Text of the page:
At least you can say this about Republicans: they are consistent.
Faced with the reality of the coronavirus spreading across the United States, infecting thousands and bringing a halt to regular daily life, Sen. Chuck Grassley has a solution: tax cuts.
“While we continue to assess the economic impacts, Chairman Grassley is exploring the possibility of targeted tax relief measures that could provide a timely and effective response to the coronavirus,” a spokesman for Grassley said yesterday. “Several options within the committee’s jurisdiction are being considered as we learn more about the effects on specific industries and the overall economy.”
To be fair, Grassley is saying this as the chair of the Senate Finance Committee, and that’s one of the tools they can move on, but it’s not like we’re getting more creative ideas from other Republicans.
President Donald Trump floated this week passing a large payroll tax cut. They’re also working with health insurance companies today to make coronavirus testing free, but so much of Republicans’ focus seems set on helping the stock market than helping actual people. And it’s doubtful these ideas would even help the economy given the real challenge we face.
Look, tax cuts are not going to save us from this pandemic. And the idea that it could is so unbelievably removed from what real Americans are worried about as the coronavirus spreads.
They’re stressed out about what they’ll do if their children’s schools shut down. They’re concerned about the choice of staying home if they’re feeling sick when their employer offers no sick leave. They’re worried about their older relatives and whether they’ll be able to see or help them. And most of all, they’re wondering how to make ends meet if they work in any number of jobs where you can’t simply work from home.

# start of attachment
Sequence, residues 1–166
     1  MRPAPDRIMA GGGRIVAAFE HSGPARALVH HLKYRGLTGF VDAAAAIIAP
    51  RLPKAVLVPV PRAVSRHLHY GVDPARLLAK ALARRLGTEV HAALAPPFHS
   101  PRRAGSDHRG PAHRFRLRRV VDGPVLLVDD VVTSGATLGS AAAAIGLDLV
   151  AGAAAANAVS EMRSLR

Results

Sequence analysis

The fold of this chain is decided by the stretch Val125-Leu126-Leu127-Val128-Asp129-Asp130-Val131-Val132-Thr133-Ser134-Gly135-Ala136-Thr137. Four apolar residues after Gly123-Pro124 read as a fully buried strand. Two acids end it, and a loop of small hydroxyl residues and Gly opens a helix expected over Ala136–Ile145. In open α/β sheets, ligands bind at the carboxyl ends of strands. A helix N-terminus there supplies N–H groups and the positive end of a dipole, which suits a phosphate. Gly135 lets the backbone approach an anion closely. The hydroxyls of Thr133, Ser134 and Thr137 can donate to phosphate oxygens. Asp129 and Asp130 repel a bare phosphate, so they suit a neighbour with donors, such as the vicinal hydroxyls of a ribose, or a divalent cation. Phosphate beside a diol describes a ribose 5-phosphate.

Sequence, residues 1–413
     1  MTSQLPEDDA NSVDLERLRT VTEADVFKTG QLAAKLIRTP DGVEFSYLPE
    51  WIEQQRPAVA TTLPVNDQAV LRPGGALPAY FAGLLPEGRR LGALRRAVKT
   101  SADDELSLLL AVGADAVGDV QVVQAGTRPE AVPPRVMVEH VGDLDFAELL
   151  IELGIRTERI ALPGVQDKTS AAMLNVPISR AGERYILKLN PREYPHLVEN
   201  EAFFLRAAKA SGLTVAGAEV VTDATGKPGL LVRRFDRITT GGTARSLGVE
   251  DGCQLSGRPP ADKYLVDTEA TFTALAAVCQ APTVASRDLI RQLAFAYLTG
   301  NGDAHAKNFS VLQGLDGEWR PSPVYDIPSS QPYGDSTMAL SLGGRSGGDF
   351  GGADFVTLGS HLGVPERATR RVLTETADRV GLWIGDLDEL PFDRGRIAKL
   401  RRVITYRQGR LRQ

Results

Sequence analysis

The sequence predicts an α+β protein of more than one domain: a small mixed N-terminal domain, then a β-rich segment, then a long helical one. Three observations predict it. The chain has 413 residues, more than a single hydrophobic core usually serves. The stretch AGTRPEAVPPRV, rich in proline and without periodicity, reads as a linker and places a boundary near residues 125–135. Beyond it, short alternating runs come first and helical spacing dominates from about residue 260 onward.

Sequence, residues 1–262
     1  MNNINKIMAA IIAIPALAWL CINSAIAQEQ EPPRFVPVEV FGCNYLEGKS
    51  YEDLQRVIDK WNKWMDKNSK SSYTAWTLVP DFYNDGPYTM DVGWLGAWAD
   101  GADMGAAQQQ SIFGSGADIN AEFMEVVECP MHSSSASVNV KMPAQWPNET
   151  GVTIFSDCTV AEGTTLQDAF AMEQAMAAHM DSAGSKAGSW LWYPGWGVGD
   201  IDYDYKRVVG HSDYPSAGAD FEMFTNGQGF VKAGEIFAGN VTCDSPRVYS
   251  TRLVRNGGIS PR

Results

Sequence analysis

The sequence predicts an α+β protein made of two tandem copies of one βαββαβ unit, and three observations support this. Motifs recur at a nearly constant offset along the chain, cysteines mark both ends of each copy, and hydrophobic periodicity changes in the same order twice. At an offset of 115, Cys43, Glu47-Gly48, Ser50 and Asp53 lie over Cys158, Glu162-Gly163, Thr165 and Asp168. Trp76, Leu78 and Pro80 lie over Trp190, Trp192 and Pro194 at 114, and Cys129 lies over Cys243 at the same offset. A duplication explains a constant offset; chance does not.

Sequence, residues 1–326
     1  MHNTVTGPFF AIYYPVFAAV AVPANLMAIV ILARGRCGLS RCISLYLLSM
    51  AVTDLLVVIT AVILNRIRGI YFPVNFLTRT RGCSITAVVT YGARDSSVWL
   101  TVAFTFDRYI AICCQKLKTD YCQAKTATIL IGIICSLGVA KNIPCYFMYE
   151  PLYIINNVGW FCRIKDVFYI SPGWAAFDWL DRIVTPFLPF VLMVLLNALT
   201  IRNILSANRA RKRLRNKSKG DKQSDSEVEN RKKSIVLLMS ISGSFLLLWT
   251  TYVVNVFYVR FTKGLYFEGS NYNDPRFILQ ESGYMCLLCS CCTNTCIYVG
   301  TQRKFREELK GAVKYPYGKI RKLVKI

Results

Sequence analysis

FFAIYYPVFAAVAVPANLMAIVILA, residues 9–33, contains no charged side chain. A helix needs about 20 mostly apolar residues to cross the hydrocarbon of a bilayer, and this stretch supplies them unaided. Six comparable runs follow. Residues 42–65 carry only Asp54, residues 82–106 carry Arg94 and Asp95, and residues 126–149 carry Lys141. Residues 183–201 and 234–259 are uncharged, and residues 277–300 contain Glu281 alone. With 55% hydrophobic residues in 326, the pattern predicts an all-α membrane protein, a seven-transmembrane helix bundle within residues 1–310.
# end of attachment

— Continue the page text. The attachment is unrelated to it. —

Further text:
Getting a little bit more in your take-home pay in your paycheck means nothing if you’re not getting paid at all. And it certainly won’t help service industry workers whose income comes largely through tips, who already face added burdens during a pandemic like this.
“A temporary cut in the payroll tax can help workers who are still drawing a paycheck, but if you’re idled due to the virus and don’t have paid leave, it doesn’t help you,” said Jared Bernstein, a former economic adviser to Joe Biden.
If you’re a well-off, white-collar worker who can work remotely, a major payroll tax cut could add up for you nicely over the course of the year, but what even are you going to spend it on to help the economy if you’re stuck at home all day?
Small and large businesses are certainly going to struggle during this time if the economy tanks, their workers can’t show up and no one is buying things. Some tax relief for them might be nice, but again, reducing your tax burden means little if you’re bringing in much less business income from a slowdown.
Democrats are pushing for mandated sick leave (something Joni Ernst was arguing against as recently as Friday, though not in the coronavirus context), expanding unemployment insurance, anti-price gouging measures and more.
But I suppose for Republicans when all you have is hammer…
Other countries around the world seem to be coming up with much more creative and ambitious ideas to fight the spread of coronavirus, as well as care for their people during this massive disruption.
In Italy, where the entire country was placed on lock-down yesterday, the government will suspend mortgage payments for individuals. Has Grassley and other Republicans thought through what happens if millions of Americans stop getting their paychecks and can’t pay their month-to-month bills? Or do they only know and think about the well-off people who can survive those things?
In Germany, there’s growing use of drive-through testing clinics. Instead of people who are exhibiting possible signs of infection going straight to the hospital, which can put other patients and health care workers at risk, medical workers in protective gear swab people in their cars. Some localities in the United States are starting to test it out, but it doesn’t appear to be widespread yet or pushed by national leaders.
To handle the stress on hospital beds that China was experiencing with so many sick people, they literally built a 1,000-bed and a 1,600-bed hospital in Wuhan in ten days. Does anyone think our country is up for something like that?
There’s many much more creative approaches to handle this unprecedented situation. It’s very frustrating to see our elected leaders just go back to the same old well of limited ideas they use for literally everything else.
by Pat Rynard